A new report by a police watchdog group is calling on the NYPD’s new inspector general to open investigations into police policies and practices that they consider to be “problematic.”
Titled “Priorities for the New NYPD Inspector General: Promoting Safety, Dignity and Rights for All New Yorkers,” the report by Communities United for Police Reform (the same group responsible for advocating for an inspector general in the first place) wants the new appointee to investigate “discriminatory marijuana arrests, unlawful searches, surveillance of Muslim communities, low-level enforcement, use of excessive and deadly force, and disciplinary policies and outcomes in cases of misconduct.”
A section of the report, focused on selective enforcement of minor offenses, suggests that summonses and arrests for infractions like riding a bike on the sidewalk are disproportionately doled out in communities of color and not enforced similarly in elsewhere. Communities United for Police Reform also alleges that the increase in enforcement for minor infractions has replaced stop-and-frisk, which has decreased significantly. The report states that the focus on minor offenses takes away man power in addressing major crimes.
Another focus of the report involved the possession of condoms as evidence of prostitution-related offenses. While the NYPD announced a slight change in that policy last month, New York City Anti-Violence Project Co-Director of Community Organizing and Public Advocacy Shelby Chestnut wants an outright ban on the practice.
“The New York City Anti-Violence Project’s latest Hate Violence Report documents the pervasive issue of police violence against LGBTQ
[lesbian, gay, bisexual, transgender, queer] and HIV-affected New Yorkers, including a multi-year trend of police misconduct, with 68 reports of police misconduct in 2013 and 78 in 2012,” said Chestnut in a statement. “We hope to work alongside Inspector General Philip Eure to ban the use of condoms as evidence in all cases including prostitution, prostitution in school zones, loitering for the purposes of prostitution, promoting prostitution and sex trafficking cases.”
Once again, Communities United for Police Reform also called for investigations into what they feel is overaggressive and discriminatory work by the police that has resulted in the deaths of people like Ramarley Graham, Reynaldo Cuevas, Noel Polanco and Tamon Robinson. Communities United for Police Reform believes that the practices aren’t always based on race, as they also affect people with psychiatric and/or mental disabilities.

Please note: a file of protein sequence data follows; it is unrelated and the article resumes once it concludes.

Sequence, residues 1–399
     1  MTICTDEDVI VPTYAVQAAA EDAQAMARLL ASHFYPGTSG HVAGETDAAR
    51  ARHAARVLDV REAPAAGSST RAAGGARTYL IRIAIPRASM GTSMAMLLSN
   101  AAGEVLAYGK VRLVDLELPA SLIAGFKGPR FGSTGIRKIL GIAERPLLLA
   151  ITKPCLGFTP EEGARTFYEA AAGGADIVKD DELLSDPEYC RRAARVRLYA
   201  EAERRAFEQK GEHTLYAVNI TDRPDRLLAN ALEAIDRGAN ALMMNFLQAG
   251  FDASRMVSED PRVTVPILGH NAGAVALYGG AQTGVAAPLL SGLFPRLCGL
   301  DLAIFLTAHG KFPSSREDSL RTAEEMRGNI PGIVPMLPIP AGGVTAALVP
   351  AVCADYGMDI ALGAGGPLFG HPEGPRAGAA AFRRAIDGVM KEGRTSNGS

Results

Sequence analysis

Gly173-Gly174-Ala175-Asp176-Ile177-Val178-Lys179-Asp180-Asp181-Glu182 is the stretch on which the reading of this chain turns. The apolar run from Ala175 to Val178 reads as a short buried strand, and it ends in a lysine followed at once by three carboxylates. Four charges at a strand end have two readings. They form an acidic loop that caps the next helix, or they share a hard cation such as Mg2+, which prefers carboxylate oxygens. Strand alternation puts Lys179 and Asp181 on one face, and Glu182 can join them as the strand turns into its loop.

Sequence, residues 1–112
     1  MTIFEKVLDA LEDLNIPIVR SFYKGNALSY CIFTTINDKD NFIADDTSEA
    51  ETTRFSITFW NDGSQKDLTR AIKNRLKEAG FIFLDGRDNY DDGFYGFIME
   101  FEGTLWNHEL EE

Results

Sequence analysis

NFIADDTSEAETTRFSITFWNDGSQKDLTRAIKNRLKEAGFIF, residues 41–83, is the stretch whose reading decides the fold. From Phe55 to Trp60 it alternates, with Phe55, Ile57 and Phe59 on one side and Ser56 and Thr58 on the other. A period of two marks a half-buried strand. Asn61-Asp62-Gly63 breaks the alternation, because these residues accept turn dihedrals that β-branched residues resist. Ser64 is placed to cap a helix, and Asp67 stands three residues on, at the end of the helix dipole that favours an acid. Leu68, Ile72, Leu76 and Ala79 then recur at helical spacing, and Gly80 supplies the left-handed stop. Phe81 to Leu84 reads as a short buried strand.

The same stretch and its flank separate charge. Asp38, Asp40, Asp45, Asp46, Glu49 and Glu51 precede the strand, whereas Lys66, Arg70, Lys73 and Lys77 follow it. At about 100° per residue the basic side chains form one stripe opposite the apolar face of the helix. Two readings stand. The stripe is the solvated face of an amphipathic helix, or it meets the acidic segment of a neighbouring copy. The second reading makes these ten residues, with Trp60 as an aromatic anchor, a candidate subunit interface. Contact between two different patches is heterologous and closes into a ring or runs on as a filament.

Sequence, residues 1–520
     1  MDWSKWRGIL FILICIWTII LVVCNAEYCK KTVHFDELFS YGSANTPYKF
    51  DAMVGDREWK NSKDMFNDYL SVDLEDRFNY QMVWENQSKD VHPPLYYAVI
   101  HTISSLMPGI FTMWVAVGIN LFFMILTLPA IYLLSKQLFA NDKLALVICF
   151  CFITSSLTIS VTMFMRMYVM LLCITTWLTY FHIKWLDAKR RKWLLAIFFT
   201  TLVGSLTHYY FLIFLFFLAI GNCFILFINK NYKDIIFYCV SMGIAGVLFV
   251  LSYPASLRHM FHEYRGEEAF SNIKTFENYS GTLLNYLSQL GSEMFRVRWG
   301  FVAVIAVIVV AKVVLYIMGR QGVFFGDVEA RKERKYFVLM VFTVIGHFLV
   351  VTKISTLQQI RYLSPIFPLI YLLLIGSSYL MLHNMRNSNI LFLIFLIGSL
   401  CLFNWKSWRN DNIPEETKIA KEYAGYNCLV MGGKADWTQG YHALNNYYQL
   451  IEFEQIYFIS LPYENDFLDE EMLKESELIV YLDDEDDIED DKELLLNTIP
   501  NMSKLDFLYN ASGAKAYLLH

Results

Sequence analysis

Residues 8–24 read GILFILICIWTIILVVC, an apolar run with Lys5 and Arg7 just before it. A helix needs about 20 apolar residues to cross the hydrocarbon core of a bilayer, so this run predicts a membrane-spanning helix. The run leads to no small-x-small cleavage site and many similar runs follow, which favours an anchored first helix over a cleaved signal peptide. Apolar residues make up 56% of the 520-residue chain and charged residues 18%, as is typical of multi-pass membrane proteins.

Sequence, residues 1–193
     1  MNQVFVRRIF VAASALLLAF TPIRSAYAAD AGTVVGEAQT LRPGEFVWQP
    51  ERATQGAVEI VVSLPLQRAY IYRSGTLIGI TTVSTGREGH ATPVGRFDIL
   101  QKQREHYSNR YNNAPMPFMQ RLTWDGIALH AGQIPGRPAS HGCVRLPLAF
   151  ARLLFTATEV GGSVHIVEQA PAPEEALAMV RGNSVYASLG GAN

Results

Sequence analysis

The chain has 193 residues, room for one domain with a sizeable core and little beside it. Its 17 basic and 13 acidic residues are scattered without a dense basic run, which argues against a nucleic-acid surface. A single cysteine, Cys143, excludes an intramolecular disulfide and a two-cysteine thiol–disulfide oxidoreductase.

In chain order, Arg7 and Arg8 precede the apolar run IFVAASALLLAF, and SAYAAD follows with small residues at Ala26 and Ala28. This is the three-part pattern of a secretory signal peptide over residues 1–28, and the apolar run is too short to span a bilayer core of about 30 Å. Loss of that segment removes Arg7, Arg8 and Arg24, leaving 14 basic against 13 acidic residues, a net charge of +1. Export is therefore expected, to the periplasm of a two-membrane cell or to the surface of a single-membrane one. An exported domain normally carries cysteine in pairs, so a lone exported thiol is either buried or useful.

According to statistics from the Civilian Complaint Review Board, excessive physical force is the highest force-related complaint against NYPD officers, making up 70 percent (3,695) of the total of force allegations brought against them.
Monifa Bandele of Communities United for Police Reform said that the report shows the need for the new inspector general to act immediately.
“In order for interactions between communities and the police to improve, and for real public safety to be achieved, there must be public accountability. It is also essential that abusive, discriminatory and ineffective policies and practices are eliminated—that is where this report is focused,” said Bandele in a statement. “Whether it is the persistence of discriminatory arrests of Black and Brown New Yorkers for possession of small amounts of marijuana—in part caused by unlawful searches—or the continued attempts to broadly surveil Muslim communities, there is a range of policing policies and practices that continue to be harmful to communities throughout our city and counterproductive to public safety.”
Color of Change Executive Director Rashad Robinson agrees.
“After years of hard work by everyday New Yorkers who spoke out and raised their voices, the new office of the inspector general creates an incredible opportunity for a much-needed change of NYPD policies,” Robinson said in a statement. “Our communities deserve and demand a Police Department that values their lives and respects their dignity.”